Regular ( Compression based ) massage didn't give me any relief from my chronic back pain and headaches. The massage might feel good, although sometime it was just plain painful, but I would start to hurt again within a few hours. My massage instructor recommended cupping for me and I stayed late after class one day to receive my first treatment. It was like she took a straight jacket off my muscles that I didn't even know was there! I I knew I was hurting but I hadn't realized how hard I was working just to move around! With my new freedom of movement I realized how I had been fighting my own fascial tension. It wasn't a pain free transition, the cupping had been intense and I had been so toxic that I felt sick the next day or two as all the gunk that had been released worked it's way out of my system. For me the price was well worth it! I immediately sought out classes and have been practicing cupping for years with awesome results for my clients and myself. I am headache free and able to manage my back pain with occasional cupping. I tell my clients who have lost hope and have resigned themselves to being in pain to give this a try.
We saw cupping at the 2012 summer Olympics as well, but mostly with the Chinese team. It was dismissed at the time as one of those weird Chinese medicine things. ( although we have found evidence of cupping in many ancient cultures). I'm very excited to see Cupping gaining attention and credibility. If massage hasn't worked for you in the past, this modality is very different. Cupping works on creating space and movement instead of compressing muscles that are already tight and stuck. If you are in pain, please don't believe that you have to stay that way. Cupping may or may not be the answer but it's worth a try!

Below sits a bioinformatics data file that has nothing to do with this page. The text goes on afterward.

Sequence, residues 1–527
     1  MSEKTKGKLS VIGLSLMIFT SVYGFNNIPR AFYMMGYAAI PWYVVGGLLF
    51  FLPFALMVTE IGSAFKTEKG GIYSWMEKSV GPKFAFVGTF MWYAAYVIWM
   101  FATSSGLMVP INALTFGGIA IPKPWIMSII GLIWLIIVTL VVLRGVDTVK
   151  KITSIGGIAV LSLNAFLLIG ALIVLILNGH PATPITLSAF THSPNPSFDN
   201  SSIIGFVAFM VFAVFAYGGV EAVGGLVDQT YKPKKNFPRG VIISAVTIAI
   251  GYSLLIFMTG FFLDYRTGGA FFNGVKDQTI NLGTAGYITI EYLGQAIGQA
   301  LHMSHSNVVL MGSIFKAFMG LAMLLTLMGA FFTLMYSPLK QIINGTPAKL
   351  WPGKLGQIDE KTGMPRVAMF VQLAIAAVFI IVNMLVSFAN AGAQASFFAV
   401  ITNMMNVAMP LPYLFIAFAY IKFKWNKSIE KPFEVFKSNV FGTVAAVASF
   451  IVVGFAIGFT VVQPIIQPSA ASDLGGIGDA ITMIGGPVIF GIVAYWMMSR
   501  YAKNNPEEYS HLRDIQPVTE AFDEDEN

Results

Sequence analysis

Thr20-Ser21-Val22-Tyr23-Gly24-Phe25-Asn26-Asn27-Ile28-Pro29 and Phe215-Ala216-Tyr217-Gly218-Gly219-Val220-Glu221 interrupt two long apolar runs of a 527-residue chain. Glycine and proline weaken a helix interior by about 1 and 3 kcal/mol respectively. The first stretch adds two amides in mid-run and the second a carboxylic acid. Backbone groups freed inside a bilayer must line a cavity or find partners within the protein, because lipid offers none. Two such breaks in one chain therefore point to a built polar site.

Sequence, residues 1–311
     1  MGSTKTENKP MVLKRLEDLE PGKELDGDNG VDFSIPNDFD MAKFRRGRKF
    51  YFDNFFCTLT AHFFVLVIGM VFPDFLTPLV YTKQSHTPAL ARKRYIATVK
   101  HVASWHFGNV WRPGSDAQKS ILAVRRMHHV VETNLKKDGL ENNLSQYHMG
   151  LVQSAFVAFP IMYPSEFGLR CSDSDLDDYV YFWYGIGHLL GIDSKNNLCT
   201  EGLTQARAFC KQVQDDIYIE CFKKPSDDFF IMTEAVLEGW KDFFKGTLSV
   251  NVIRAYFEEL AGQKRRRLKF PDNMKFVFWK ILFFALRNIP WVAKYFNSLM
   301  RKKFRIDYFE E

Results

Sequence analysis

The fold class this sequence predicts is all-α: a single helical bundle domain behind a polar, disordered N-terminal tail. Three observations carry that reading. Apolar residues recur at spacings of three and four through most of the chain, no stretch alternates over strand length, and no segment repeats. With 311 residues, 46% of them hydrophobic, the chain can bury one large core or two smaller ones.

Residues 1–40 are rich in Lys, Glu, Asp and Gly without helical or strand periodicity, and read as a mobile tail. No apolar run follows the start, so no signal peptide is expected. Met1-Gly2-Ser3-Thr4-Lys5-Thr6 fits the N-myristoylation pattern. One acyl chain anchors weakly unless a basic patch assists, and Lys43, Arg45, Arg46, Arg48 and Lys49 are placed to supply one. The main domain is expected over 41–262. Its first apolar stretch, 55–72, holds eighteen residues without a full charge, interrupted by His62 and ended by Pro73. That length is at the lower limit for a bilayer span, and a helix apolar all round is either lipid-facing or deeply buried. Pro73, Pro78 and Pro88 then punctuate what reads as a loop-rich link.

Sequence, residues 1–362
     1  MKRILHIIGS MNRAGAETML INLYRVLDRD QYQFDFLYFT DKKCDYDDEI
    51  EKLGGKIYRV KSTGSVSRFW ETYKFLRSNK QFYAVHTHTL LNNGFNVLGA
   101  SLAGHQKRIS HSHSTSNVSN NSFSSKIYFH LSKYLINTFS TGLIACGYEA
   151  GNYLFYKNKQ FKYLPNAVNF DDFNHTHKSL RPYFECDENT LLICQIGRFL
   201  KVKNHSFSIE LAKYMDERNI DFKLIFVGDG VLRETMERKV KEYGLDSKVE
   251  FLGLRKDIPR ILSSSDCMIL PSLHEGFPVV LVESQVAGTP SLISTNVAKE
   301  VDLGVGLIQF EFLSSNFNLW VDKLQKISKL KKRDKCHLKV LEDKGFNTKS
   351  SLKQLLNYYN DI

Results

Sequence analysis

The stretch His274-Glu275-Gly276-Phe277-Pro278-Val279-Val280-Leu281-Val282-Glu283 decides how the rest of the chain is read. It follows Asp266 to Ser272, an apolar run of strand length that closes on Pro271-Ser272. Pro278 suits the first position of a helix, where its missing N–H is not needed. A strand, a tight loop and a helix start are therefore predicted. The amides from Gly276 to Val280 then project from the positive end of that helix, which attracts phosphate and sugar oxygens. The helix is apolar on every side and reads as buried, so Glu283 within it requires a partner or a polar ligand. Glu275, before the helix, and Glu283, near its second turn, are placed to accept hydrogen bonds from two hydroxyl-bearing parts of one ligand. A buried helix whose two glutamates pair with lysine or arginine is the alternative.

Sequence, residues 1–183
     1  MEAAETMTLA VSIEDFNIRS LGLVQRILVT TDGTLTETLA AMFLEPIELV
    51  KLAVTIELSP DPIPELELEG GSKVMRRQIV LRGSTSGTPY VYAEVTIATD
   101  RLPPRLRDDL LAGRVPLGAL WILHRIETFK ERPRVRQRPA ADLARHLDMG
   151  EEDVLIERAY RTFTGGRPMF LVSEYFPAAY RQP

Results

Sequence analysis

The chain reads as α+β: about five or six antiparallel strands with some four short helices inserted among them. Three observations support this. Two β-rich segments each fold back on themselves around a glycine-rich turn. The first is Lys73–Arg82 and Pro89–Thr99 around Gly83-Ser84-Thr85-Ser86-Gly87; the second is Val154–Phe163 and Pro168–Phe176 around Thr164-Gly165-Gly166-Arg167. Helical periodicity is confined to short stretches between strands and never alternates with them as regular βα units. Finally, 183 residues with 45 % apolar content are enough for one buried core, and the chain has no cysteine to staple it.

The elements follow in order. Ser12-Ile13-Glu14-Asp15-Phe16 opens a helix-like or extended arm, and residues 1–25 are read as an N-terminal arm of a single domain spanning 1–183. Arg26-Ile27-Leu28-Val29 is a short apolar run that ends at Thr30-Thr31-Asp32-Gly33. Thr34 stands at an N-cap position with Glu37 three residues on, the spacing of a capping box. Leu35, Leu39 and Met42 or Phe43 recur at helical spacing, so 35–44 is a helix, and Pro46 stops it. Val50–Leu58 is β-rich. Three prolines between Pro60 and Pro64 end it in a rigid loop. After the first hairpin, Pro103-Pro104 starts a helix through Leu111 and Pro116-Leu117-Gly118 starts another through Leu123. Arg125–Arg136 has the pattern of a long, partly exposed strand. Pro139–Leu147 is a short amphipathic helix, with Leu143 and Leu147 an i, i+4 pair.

What is cupping?
Cupping is the application of glass or silicone cups, with either the use of a heat source or plain suction. The traditional way has been using flame to quickly burn the oxygen out of the cup to create a vacuum. It is then quickly applied to the skin, creating a suction that pulls the tissue into the cup. Modern designs in silicone or using hand pumps can negate the use of flame, although the suction can be less. Either static or moving cups can be used. Static cups are when the cups are applied, and left in one location on the skin. Moving cups is when lubrication is applied, and the cups are then glided on the skin. In either case, the physical benefits include increased circulation, pulling apart stuck layers of connective and muscle tissue, and a relaxation of tight muscles.
Does it hurt?
The application of the cups does not hurt. Sometimes the sudden suction as the cup grabs onto the skin can be slightly startling. However, as long as you have experienced deep tissue massage, you will be ready for cupping. Areas holding more tension or that have a large adhesion will be more sensitive, just as you would experience in deep tissue massage.
The dark purple circles that are synonymous with cupping are called “sha.” Contrary to what you might think, they are not bruises, but rather stagnated toxins, blood, lymph, etc. pulled to the surface, where capillaries can then properly dissipate them. They do not hurt, and often leave in within a couple days. However, on some people with light complexions they can stay longer. The more tension an area is holding, the darker the Sha will be. It’s common that as you continue to get treatment, the sha each time will be lighter, and clear faster.
Who should get cupping?
Everyone! The benefits are numerous, and once someone has tried it, they are usually a convert. Especially if you have areas of tension or adhesion that regular massage modalities are not benefitting to your satisfaction. Cupping is also helpful with digestion issues and stress. Unlike massage, cupping is also helpful with colds and pneumonia, although always check with your LMT before coming to an appointment sick.
The same precautions apply to cupping as deep tissue massage, so if you have been told you can’t have deep tissue than cupping wouldn’t be for you.
This blog is a combined effort of practitioners to keep you informed.